Configuration Identification

Configuration Identification

Configuration identification is the activity which determines, defines, and documents the functional and physical characteristics and requirements of a system, including interoperability and interface requirements. The configuration identification function includes such tasks as:



Configuration Identification: Important Definitions

Configuration Item Identification: Those specifications, drawings, diagrams, flow charts, etc., which, when authenticated and placed on contract, comprise the functional, allocated, and product baselines for a system.


Baseline: A document (usually a specification) which, when added to section C of a contract, constitutes the binding configuration identification of a system. For Configuration Management, there are three baselines:
  1. System, for the product's overall functional, interface, & interoperability requirements;
  2. Allocated, for the general design description of the Configuration Items which comprise the system ("Allocated" is an appropriate term as the entire product's requirements are allocated or apportioned to individual subsystems;)
  3. Product, for the detailed design description of the Configuration Items which comprise the weapon system.


Configuration Identification: The Key Activity Product

The key product of the configuration identification activity is a specification, requirements document, blueprint, or software source code which can be used in a Request for Quote (RFQ) or Request for Proposal (RFP). This document is used to convey the product requirements to potential contractors, whether they are vendors or manufacturing outfits. It is critical that the desired product's requirements be completely and accurately described to potential bidders and/or contractors.

Because of acquisition reform efforts, there are many questions about how a product team can put together its own specification or requirements package for a solicitation effort. Please visit this frame for more information Building Configuration Baselines.


Configuration Identification: An Example

Here is an example of configuration identification. Let's say the Air Force requires an improved cargo aircraft for landing in austere conditions (i.e., not landing in an airport, but in the Australian outback, the Canadian tundra, a field in Bosnia, you get the idea.) To acquire this type of aircraft, the Air Force would need to prepare a requirements document to communicate to the private industry what capabilities the aircraft would require. These requirements would typically be documented in a "System Specification" . The aircraft's payload capability, required speed and handling characteristics, communications requirements, etc. would be included in the specification. This would be considered the "Functional or System Baseline."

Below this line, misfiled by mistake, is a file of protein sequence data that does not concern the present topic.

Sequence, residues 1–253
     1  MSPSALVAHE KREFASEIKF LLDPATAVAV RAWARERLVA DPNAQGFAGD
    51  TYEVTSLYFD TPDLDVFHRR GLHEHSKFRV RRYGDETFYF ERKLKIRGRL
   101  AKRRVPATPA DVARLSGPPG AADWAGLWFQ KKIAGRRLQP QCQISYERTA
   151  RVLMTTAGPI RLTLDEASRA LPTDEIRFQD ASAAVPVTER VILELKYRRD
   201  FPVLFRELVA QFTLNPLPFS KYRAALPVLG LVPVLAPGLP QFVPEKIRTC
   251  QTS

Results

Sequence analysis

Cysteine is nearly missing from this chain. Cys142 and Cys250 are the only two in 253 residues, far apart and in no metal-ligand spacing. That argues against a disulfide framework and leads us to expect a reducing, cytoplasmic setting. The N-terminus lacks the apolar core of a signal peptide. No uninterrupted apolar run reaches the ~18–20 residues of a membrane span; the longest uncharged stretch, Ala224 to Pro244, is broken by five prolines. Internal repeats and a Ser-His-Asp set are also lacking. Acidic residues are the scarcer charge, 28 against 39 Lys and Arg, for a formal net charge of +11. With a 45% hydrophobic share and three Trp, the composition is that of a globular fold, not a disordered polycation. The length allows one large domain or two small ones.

Typically, Industrial bidders would respond with a proposed aircraft design to meet the Air Force's requirements. The proposed design would be documented by a series of specifications, each of which would describe critical parts or subsystems of the aircraft. Upon a contract award to the winning bidder, these documents would be considered the "Allocated or Design Baseline" of the aircraft. It should be possible to trace each functional requirement in the Air Force's system baseline document to one or more of the contractor's design documents. For example, UHF communications requirements could be traced to a proposed hardened, militarized radio system, which would be a critical part of the aircraft.

The finished aircraft's design would be documented by set of blueprints or engineering drawings. These documents are sometimes referred to as a "Technical Data Package" (TDP) Besides blueprints, the aircraft's finished design could be documented by a series of product test procedures, manufacturing instruction documents, software source code, and proprietary source documents. Together, all of these documents would comprise the "Product Baseline" of the aircraft. These documents would be critical for the lifetime operation of the aircraft as it is almost certain that, over time, the fleet of aircraft would require modifications to meet new military requirements. The product baseline documents are critical in designing, testing, and installing the aircraft's modifications.


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